Plot to find the approximate value:

The standard deviation:

Properties & Relations  (6)

Truncating a distribution is equivalent to conditioning on an interval:

The PDF of a truncated distribution has nonzero values only inside the truncation interval:

Compare the density functions:

Construct the PDF of a truncated distribution by using properties of the underlying distribution:

Compare censoring with truncating for a discrete distribution:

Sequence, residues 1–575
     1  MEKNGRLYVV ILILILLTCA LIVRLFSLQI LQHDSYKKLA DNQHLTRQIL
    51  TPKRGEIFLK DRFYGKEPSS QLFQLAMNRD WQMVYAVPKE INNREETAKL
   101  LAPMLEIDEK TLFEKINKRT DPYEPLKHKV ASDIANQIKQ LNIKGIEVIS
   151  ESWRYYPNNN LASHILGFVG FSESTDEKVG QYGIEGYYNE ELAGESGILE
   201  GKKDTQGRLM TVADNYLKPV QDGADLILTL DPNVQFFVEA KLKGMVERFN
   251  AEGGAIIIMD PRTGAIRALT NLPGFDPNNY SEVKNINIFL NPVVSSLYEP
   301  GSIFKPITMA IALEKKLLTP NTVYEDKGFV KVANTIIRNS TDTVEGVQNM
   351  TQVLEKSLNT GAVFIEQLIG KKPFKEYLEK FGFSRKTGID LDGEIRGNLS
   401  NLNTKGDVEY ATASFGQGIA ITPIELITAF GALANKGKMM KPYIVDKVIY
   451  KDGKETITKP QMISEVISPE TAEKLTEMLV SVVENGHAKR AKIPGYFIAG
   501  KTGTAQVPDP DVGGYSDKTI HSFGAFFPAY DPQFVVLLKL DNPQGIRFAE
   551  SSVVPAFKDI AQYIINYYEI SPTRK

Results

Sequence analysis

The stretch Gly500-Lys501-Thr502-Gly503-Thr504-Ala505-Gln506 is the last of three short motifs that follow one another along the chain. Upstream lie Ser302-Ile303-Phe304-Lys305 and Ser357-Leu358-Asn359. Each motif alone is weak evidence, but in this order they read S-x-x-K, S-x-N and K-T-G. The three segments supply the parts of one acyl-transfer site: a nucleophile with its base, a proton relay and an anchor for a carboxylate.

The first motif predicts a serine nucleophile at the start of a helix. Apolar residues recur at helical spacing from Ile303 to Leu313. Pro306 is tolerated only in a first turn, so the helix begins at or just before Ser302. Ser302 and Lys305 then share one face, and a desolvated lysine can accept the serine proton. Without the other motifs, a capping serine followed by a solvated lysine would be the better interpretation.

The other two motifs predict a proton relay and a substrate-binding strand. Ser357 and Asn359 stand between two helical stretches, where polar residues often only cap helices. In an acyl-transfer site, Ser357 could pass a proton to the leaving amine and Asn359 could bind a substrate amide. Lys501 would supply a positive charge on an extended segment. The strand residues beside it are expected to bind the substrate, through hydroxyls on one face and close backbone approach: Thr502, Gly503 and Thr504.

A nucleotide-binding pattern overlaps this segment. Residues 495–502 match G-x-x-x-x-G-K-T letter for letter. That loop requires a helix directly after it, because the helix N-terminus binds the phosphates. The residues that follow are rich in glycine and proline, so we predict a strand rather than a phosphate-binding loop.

While truncating, the weight from outside is evenly distributed over the truncation interval:

While censoring, the weight from outside is placed at the ends of the censoring interval:

Compare censoring and truncating of a continuous distribution:

While truncating, the probability is distributed over the truncation interval:

While censoring, the probability is put at the end of the censoring interval:

GompertzMakehamDistribution is related to a truncated WeibullDistribution:

Neat Examples  (1)

Double truncation of a bivariate distribution:

Introduced in 2010
 (8.0)
 |
Updated in 2016
 (10.4)